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How the Appeals Process Works

California Family Law Appellate Attorneys

Filing a Notice of Appeal

The party that files the appeal is the “appellant.” The non-filing party is the “respondent.” To begin an appeal, the appellant must serve and file a notice of appeal from a judgment or order in a family law proceeding. By filing notice, this gives jurisdiction to the appellate court, rather than the trial court who presided over the original case. Jurisdiction is the power and authority for the court to issue judgments and orders over a person or entity.

Also in the notice, there must be indication and specificity of what judgment or order the appeal is being taken for alongside a stated intention for appeal. The court for the appeal does not need to be specified; the court of appeal for the appellate district in which the superior court is located is where the appeal will be heard. Lastly, the notice must be signed by either the appellant or by their attorney.


Notice of Appeal Timing

The notice should be filed with the clerk of the superior court within the earliest of these times:

  • 60 days after the date the clerk serves the party filing the notice of appeal with a “Notice of Entry” of judgment, or a file-stamped copy of the judgment, showing the date either were served;
  • 60 days after the date the party filing the notice of appeal serves or is served by a party with a “Notice of Entry” of judgment or a file-stamped copy of the judgment, with a proof of service; or 
  • 180 days after the date of entry of judgment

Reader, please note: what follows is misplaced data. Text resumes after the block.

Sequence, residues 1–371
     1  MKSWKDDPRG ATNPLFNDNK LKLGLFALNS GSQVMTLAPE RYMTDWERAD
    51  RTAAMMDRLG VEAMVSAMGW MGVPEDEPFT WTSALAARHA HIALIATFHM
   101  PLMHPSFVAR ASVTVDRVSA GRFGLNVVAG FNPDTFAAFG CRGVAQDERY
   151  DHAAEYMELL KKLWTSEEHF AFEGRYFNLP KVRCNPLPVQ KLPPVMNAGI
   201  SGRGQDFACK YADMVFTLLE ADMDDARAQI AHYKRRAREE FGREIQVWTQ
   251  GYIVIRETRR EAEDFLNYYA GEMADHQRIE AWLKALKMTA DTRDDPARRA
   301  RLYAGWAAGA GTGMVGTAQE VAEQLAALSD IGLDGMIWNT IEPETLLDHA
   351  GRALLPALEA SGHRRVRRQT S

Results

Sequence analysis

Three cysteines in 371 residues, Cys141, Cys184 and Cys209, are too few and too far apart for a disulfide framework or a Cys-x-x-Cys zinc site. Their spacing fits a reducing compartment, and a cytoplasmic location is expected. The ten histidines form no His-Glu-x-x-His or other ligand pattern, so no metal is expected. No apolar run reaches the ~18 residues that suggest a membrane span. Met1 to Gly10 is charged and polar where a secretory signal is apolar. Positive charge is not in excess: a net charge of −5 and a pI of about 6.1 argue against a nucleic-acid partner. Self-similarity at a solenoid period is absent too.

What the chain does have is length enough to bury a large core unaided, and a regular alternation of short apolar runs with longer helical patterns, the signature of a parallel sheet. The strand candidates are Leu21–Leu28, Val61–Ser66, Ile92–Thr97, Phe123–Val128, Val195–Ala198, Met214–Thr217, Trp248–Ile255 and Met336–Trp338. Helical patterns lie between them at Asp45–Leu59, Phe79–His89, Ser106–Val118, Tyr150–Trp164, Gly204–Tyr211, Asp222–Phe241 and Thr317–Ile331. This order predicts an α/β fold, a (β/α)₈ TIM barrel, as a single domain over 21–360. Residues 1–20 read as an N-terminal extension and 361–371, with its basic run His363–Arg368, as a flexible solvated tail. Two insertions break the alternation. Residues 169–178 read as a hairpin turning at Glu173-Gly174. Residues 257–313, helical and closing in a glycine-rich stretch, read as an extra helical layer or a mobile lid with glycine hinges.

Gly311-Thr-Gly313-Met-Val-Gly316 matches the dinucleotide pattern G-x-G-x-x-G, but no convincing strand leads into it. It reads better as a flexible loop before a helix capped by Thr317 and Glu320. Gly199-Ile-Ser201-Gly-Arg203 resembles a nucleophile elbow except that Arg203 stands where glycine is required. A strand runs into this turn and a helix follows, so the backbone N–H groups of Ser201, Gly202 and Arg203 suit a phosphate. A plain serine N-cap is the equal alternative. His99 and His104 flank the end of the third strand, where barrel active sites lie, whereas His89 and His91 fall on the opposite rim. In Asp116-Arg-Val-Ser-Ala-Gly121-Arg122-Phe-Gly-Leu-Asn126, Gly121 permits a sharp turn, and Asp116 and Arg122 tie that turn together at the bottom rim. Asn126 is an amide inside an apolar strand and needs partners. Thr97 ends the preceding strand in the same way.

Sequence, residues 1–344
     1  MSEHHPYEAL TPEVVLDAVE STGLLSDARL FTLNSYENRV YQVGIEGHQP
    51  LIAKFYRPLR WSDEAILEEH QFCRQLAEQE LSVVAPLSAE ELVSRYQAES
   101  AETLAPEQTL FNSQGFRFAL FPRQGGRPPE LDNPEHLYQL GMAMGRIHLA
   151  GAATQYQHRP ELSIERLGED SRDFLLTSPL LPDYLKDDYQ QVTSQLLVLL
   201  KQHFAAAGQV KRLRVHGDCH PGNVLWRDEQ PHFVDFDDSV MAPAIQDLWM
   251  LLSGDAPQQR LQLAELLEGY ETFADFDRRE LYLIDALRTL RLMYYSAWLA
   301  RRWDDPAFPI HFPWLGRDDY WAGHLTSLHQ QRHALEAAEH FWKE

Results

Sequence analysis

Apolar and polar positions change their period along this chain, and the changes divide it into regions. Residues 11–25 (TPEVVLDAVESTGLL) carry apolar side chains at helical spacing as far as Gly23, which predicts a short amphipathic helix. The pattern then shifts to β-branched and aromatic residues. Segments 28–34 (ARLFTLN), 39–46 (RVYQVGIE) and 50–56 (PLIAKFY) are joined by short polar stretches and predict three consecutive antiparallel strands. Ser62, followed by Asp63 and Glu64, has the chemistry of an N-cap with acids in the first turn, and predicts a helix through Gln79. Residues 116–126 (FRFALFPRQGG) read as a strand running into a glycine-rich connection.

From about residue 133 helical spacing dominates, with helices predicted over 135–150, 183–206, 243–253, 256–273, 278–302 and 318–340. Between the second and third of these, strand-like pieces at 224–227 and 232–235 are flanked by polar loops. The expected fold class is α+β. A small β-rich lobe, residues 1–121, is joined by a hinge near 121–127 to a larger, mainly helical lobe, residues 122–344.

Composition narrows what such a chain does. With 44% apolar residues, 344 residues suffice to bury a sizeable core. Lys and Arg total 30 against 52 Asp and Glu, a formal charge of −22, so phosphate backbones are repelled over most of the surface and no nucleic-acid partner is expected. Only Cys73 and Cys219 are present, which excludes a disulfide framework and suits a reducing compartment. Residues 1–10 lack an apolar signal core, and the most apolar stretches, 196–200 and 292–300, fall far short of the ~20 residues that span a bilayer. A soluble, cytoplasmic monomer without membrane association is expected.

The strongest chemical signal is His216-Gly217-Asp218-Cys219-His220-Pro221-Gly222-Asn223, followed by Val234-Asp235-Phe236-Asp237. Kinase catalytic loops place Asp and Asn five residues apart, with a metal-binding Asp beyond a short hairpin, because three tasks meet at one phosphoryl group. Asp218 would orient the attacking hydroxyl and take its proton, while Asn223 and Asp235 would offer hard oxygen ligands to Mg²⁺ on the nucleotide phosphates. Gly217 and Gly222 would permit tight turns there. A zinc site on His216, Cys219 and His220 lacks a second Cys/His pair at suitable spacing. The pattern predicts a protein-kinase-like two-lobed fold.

Payments Required with an Appeal

By filing the notice of appeal, the following payments are required:

  • Payment of a filing fee (Currently $775)
  • A deposit for the preparation of a clerk’s transcript or other processing and notification charges (varies depending on the size of the transcript)
  • If a reporter’s transcript is designated, then estimated charges for its preparation (varies depending on the size of the transcript)

Within 15 days after the superior court clerk has sent notification of the filing of the notice, the appellant must serve and file in the reviewing court a civil case information statement, with a copy of the judgment or order that shows the date it was entered.


Appeal Briefs

The next documents to be filed are the briefs. The briefs include the points that the appellant and respondent are raising on appeal and include points and authorities in support of each point raised in the brief. In an appeal involving two parties, three briefs are custom, and do not require additional permission from the Chief Justice or the presiding justice:

Appellant’s Opening Brief

Must be served and filed 40 days after the filing of the record in the reviewing court

Respondent’s Brief

Must be served and filed within 30 days after the filing of appellant’s opening brief

Appellant’s Reply Brief

May be filed within 20 days after the respondent’s brief is filed

Specifically, in the appellant’s brief, there must be a statement of the case, which includes the nature of the action or proceeding, and the relief sought, a summary of material facts, and the judgment or ruling from the superior court. 

After the appellant’s reply brief is filed, the clerk of the court of appeal will place the appealed case on the calendar for oral argument. The clerk will send a notice of the time and place of oral argument to all parties involved at least 20 days before the scheduled argument date. 

Instead of the case being heard by one judge, the court of appeal consists of a three-member court system. The three judges will meet before the oral argument to discuss the case. The justices can then begin to develop questions and may be addressed to counsel during oral argument. 

After oral argument, one of the justices will prepare the opinion of the court. The opinion will be final 30 days after it is filed.


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